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Growing Tarragon Hydroponically – a Full Guide

Introduction to growing Tarragon hydroponically

Tarragon (Artemisia dracunculus) is also known as estragon. Tarragon is a much-favored culinary herb, with leaves that have a slight anise flavor. It is a species of perennial herb in the sunflower family. It is used in vegetable dishes and soups, mild cheeses, egg dishes, fish, and white sauces. In this article we also discussed the following topics;

  • Hydroponic Tarragon growing conditions
  • Hydroponic Tarragon nutrient requirements
  • Hydroponic Tarragon growing medium
  • Optimal pH for Tarragon growing hydroponically

A step by step guide to growing Tarragon hydroponically

The hydroponics system is an ideal growing method for producing culinary and medicinal herbs.  Not only do hydroponic herbs grow faster, but they also have significantly more flavor and aroma than herb plants grown in soil. Tarragon isn’t a widely grown herb at home, but it is well worth it particularly if you like French cuisine, for which it is a popular and traditional ingredient. It is mainly used to enhance the flavor of fish and chicken dishes and much prized for its aniseed-like flavor.

Advantages of hydroponics gardening

  • Hydroponics system doesn’t even use any kind of solid medium and uses 20 times less water than soil-based gardening.
  • Your environment is sterile, which means no pesticides and you’ll use 20% less space for growing.
  • The Hydroponic system water can be reused, allowing you to conserve water.
  • No chemical weed or pest control products are required when operating a hydroponic system. In hydroponics there is no soil at all no weeds and no pesticides of course.
  • In hydroponics, the use of water to maintain and preserve the plant can be dramatically reduced.
  • A hydroponics garden can be set up with timer systems to automatically fertilize the plants.
  • Hydroponic plants healthier because they receive a balanced and controllable portion of nutrients.

Different varieties of Tarragon

There are two basic tarragon varieties;

  • French (Artemisia dracunculus sativa) and
  • Russian (Artemisia dracunculus L.)

French tarragon is a loose, open perennial growing to about 2 to 3 feet tall. Plant leaves are dark green, narrow, and slightly twisted. French tarragon plants will occasionally produce small, greenish flowers that are sterile.  Plant leaves have licorice or anise flavor. True French tarragon is available as plants grown from cuttings or root divisions. Because the French tarragon plant produces sterile flowers, it cannot be grown from seeds.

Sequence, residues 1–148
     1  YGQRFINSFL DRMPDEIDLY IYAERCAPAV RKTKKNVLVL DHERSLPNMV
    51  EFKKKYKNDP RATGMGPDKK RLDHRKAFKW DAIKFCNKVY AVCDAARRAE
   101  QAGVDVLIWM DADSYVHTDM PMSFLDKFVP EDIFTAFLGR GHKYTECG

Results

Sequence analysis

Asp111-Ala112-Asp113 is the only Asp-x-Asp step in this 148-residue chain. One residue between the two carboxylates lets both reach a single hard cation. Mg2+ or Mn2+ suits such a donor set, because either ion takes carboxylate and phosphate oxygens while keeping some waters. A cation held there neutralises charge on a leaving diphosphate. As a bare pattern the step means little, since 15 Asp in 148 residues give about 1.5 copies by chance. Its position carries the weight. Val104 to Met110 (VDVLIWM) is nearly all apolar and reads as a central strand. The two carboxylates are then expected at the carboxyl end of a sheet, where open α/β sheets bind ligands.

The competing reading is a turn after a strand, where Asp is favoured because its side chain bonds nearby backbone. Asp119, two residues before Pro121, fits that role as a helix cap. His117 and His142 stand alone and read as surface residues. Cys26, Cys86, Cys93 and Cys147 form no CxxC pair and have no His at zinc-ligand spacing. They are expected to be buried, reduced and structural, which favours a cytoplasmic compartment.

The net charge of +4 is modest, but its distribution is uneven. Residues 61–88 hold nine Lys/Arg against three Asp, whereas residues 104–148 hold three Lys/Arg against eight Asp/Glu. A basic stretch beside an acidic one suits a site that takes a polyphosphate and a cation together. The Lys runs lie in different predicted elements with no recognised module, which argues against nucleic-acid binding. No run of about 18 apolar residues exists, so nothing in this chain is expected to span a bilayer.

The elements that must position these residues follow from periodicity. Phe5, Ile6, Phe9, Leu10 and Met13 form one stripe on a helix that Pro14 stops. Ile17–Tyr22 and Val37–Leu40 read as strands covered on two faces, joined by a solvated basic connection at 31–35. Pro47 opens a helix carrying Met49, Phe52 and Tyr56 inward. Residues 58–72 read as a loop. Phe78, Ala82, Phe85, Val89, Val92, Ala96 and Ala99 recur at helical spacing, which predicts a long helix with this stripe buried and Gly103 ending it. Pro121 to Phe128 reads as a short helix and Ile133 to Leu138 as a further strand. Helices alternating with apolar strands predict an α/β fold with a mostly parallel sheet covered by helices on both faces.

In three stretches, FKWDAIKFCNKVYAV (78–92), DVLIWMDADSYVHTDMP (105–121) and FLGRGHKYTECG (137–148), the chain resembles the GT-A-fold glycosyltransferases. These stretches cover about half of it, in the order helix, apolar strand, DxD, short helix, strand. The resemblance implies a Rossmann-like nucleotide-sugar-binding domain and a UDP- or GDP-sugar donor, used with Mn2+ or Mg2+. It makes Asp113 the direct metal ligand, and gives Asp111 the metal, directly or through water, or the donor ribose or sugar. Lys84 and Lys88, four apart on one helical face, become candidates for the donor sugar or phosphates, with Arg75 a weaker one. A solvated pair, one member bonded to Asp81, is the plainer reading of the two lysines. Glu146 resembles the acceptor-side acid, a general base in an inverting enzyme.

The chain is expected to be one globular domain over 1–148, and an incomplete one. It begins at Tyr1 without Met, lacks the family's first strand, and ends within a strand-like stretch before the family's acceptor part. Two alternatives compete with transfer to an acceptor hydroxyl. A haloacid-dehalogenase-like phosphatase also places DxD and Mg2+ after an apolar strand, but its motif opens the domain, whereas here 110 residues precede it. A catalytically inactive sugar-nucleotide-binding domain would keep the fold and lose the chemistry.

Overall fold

Russian tarragon plant has attractive, long, narrow, bright green leaves. The Russian tarragon plant looks a lot more delicate than is and makes a fantastic ornamental for its foliage alone. Its odor isn’t as strong as other tarragon varieties, and growing conditions affect the potency of its flavor.

Conditions for growing Tarragon hydroponically

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Growing conditions for hydroponic  Tarragon.
Growing conditions for hydroponic Tarragon.

Tarragon plant propagates best through root division, planting the divisions at least 18 inches apart. Since tarragon has a shallow root system, care should be taken not to damage the roots when weeding, and special care should be shown during the winter after transplanting, as the plant root systems will not have developed fully.

For growing herbs hydroponically, the ebb-and-flow system is an excellent choice for a hydroponic herb garden. In an ebb-and-flow hydroponic system, the plants are held in plastic pots in a flood table, and the reservoir is underneath. A timer clicks a submersible pump on, flooding the plant roots with nutrient-rich water and expelling waste gasses. When the timer clicks off, the water drains back to the reservoir, pulling fresh oxygen to the plant roots. The timer is set to flood 3 to 4 times per day, with 15 a minute duration per flood.

Most herbs are vegetative, a good grow formula hydroponic nutrient with high nitrogen to phosphorus ratio is an excellent choice for growing most herbs. Six-inch square pots are big enough to hold most small to medium-sized herb plants. Since the water and nutrients are brought to the plant roots instead of the roots having to grow out in search of nutrients, the root systems are smaller in ebb-and-flow systems, with fine, lateral roots forming a kind of sponge. So, most of the energy of the plant goes into vegetative growth instead of root development. The roots are contained inside the pots, and if a good growing medium is used such as expanded clay pellets, even large plants will not get root-bound.